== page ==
The skills and qualifications required of CRO specialists include experience auditing and creating digital content, ability to A/B test and measure content impact, and proficiency in online content platforms and analysis tools.
CRO specialists make between $32,000 and $130,000.
Product marketing is all about setting the tone for how, where, when, and why a company’s products and services are promoted. Product marketers are typically assigned to one product or product line and act as chief advocate and strategist for that product.
The responsibilities of a product marketer include determining overall messaging and positioning of the product, mapping the buyer’s journey to purchase the product, and collaborating with the product creators, designers, and other marketers.
The skills and qualifications required of product marketers include excellent verbal and written communication skills, collaborative working style, prior experience strategizing and analyzing marketing campaigns, and competitive intelligence skills.
Product marketers make between $58,000 and $129,000.
In today’s economy, a company’s brand plays a major role in how consumers shop. In fact, 59% of shoppers would rather buy from brands they know, and 21% have purchased products solely because they like the brand itself. This budding consumer behavior has paved the way for roles in brand management and public relations.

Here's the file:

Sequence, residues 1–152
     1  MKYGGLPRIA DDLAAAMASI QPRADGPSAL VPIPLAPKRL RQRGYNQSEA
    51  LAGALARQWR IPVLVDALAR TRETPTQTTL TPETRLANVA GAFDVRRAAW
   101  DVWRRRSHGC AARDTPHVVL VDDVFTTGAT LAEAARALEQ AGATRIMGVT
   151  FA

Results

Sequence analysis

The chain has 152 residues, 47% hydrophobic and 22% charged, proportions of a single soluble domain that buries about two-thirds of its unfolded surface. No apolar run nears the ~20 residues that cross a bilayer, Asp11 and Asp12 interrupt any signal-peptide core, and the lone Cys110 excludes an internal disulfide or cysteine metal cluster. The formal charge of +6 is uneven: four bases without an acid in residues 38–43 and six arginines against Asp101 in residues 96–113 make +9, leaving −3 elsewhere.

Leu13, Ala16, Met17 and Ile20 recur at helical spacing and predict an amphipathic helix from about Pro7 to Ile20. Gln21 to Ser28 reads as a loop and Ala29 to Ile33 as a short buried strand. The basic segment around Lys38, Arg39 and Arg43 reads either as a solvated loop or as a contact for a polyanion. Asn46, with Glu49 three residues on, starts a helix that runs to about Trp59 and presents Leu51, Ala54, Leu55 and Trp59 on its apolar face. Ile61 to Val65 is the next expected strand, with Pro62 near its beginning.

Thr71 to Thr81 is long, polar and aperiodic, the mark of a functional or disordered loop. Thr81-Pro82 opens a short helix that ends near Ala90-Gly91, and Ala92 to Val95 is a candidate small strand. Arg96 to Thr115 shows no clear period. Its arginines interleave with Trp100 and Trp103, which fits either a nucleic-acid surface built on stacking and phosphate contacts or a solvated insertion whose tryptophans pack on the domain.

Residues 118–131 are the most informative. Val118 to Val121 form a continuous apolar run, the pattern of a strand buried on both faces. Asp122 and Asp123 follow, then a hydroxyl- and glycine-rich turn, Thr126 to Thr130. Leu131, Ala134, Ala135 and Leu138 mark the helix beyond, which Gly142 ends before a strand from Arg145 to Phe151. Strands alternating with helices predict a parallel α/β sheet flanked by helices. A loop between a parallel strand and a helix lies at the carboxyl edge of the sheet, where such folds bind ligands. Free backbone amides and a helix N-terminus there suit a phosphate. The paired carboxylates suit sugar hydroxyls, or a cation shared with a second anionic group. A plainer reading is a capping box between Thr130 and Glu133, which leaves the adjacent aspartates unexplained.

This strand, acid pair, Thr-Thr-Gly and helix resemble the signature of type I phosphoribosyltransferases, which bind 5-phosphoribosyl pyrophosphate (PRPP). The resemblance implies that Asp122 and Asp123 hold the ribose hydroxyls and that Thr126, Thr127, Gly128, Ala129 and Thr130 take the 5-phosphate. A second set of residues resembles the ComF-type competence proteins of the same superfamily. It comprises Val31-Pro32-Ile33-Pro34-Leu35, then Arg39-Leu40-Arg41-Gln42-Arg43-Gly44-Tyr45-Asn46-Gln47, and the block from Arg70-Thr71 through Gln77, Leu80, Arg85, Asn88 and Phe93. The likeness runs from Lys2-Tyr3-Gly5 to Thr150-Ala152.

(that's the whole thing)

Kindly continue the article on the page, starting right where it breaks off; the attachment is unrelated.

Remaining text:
The responsibilities of a public relations (PR) manager or brand marketer include creating and maintaining a company’s public image, working with other teams to ensure content and messaging is consistent, and crafting campaigns to promote and boost brand awareness.
The skills and qualifications required of a PR manager or brand marketer include excellent written and verbal communication skills, experience with brand and crisis management, proficiency with email and social media marketing, and ability to manage projects and people.
Company-run events are a popular way to interact with and entertain potential customers and clients. Events bring together your community, delight your customers, and put a friendly face to a brand name — especially for B2B marketers. For this reason, companies need event marketers.
The responsibilities of an event marketer/manager include organizing and promoting events, creating messaging, designing and organizing marketing campaigns, connecting with audience members, and managing a team of marketers.]
The skills and qualifications required of event marketers/managers include excellent digital and written communication skills, willingness to work under pressure and on deadlines, and high-level negotiation and organizational skills.
Event marketers make between $37,000 and $77,000.
In the marketing world, numbers are king. No other factor has the power to shift campaigns, change budgets, hire and fire employees, and draw investors.
Marketing analysis is a unique role. While most companies hire internal analysts, third-party consultants and agencies also exist to help businesses interpret and apply data findings. Regardless of whom they work for, data scientists — specifically marketing analysts — read and interpret digital data to help businesses and marketing departments make better business decisions.